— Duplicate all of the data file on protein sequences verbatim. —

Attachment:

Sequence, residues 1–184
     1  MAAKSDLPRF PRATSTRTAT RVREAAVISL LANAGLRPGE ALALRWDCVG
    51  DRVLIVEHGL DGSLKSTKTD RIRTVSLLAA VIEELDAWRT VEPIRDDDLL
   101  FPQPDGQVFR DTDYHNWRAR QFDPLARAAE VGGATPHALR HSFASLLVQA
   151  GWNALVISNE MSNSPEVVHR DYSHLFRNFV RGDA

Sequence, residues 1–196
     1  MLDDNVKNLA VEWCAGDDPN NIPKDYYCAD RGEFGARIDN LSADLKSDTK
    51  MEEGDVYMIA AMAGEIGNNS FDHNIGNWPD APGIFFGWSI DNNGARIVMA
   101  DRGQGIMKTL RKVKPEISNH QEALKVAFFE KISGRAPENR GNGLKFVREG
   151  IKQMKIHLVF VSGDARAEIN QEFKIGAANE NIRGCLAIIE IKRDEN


Sequence, residues 1–184
     1  MAAKSDLPRF PRATSTRTAT RVREAAVISL LANAGLRPGE ALALRWDCVG
    51  DRVLIVEHGL DGSLKSTKTD RIRTVSLLAA VIEELDAWRT VEPIRDDDLL
   101  FPQPDGQVFR DTDYHNWRAR QFDPLARAAE VGGATPHALR HSFASLLVQA
   151  GWNALVISNE MSNSPEVVHR DYSHLFRNFV RGDA

Sequence, residues 1–196
     1  MLDDNVKNLA VEWCAGDDPN NIPKDYYCAD RGEFGARIDN LSADLKSDTK
    51  MEEGDVYMIA AMAGEIGNNS FDHNIGNWPD APGIFFGWSI DNNGARIVMA
   101  DRGQGIMKTL RKVKPEISNH QEALKVAFFE KISGRAPENR GNGLKFVREG
   151  IKQMKIHLVF VSGDARAEIN QEFKIGAANE NIRGCLAIIE IKRDEN